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Since the first report of surgical repair for a ruptured cruciate ligament in 1895, a great deal of research has attempted to identify the optimal surgical technique. Today, the two mainstay choices are hamstring–tendon and bone–patellar tendon–bone autografts, with preferences differing around the globe.1
Systematic reviews of randomised controlled trials have identified very few differences in outcomes more than 2 years postoperatively between these two popular graft choices.2 Similarly, variations of surgical technique, such as double-bundle reconstruction, while potentially providing greater passive stability, offer no proven superior clinical or functional outcomes.3
Clinician’s and researcher’s quest for the Holy Grail—a quick return to sport without re-injury or increased osteoarthritis risk—has led to less conventional management approaches. This includes an alarming resurgence of synthetic ligaments as described in a recent BJSM blog (http://blogs.bmj.com/bjsm/2017/07/06/synthetics-ligaments-knee-deja-vu-innovation/). Do we really need to pursue unconventional surgical interventions that have failed to stand the test of time?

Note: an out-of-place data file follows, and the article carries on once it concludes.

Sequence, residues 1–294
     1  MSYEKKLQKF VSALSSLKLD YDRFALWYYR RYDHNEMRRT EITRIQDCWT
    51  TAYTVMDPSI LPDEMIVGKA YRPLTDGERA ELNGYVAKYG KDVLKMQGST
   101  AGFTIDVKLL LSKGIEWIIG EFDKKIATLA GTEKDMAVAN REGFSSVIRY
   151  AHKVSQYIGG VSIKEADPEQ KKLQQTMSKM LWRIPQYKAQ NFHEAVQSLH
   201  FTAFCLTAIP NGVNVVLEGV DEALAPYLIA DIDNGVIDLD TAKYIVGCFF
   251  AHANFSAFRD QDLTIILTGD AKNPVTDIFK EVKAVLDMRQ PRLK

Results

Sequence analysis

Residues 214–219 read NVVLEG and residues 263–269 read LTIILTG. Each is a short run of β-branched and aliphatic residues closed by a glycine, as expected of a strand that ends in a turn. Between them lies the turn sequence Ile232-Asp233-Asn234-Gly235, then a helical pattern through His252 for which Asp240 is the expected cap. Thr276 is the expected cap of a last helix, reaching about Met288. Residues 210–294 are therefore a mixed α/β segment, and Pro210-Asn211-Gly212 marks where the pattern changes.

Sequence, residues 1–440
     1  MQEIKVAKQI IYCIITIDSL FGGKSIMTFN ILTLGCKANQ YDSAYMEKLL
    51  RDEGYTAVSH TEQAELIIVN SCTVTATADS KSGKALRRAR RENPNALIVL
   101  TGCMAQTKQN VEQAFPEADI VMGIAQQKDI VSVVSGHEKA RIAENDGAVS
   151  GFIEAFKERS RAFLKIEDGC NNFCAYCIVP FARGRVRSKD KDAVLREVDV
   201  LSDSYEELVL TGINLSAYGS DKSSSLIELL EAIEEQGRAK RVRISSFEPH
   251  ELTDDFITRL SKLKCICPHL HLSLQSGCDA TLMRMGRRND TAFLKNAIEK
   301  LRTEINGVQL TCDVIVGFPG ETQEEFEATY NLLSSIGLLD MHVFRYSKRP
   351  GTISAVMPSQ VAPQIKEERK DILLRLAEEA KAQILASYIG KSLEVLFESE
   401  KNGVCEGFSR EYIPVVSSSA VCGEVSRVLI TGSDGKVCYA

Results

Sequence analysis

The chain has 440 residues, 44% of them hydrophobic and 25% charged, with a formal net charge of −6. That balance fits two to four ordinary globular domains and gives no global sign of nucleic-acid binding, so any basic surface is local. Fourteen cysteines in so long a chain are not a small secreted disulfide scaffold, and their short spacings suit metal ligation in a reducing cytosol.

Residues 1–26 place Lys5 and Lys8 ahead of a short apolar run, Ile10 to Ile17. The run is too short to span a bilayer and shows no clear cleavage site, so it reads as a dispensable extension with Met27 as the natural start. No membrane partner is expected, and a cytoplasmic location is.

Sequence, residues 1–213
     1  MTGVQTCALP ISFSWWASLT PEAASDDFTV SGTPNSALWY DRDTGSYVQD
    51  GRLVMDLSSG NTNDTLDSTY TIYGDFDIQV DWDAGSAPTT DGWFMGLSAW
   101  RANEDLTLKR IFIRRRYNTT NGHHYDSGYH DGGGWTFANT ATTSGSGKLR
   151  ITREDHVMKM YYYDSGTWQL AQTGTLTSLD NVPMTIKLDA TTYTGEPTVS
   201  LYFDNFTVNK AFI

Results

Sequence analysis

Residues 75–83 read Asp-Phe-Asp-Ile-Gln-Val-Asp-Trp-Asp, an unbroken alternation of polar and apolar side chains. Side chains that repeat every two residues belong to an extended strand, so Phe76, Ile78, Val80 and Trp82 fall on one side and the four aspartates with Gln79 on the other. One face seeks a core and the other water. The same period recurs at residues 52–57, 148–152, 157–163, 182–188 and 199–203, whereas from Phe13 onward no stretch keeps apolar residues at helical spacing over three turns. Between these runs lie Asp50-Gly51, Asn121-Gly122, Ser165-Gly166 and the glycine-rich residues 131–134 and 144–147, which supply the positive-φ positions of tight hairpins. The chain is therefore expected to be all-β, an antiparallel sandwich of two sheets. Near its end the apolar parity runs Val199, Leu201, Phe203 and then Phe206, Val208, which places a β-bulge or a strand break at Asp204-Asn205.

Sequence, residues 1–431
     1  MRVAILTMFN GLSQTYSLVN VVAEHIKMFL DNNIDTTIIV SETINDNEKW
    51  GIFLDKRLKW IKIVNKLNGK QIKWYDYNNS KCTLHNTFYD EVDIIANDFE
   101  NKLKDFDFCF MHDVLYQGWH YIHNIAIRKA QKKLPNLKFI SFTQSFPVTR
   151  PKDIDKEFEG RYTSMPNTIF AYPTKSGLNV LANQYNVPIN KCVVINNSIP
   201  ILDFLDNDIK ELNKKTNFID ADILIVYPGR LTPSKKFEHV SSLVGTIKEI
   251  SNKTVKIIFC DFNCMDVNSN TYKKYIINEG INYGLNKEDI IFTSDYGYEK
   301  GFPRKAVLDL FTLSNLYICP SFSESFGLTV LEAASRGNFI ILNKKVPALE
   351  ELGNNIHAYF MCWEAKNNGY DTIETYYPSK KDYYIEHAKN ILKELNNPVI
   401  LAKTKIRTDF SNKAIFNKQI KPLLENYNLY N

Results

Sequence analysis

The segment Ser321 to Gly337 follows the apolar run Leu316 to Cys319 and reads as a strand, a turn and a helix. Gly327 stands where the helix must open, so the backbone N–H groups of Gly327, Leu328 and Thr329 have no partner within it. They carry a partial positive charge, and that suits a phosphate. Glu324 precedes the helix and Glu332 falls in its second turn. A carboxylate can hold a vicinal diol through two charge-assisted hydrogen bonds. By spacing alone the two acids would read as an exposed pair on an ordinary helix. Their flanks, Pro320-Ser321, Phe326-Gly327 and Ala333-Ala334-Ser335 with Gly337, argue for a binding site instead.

Perhaps the secret for clinicians and researchers lies not in chasing the next sexy surgical trend but in ensuring completion of an outstanding rehabilitation programme. Dare we say it: many individuals suffering an ACL rupture may not need surgery.4 Optimal non-operative management may even fast track a return to competitive sport. A recent BMJ Case Report detailed an elite English Premier League player’s return to full competition within 8 weeks of a complete ACL rupture with a problem-free follow-up at 18 months.5 And importantly, you cannot re-rupture a graft that does not exist.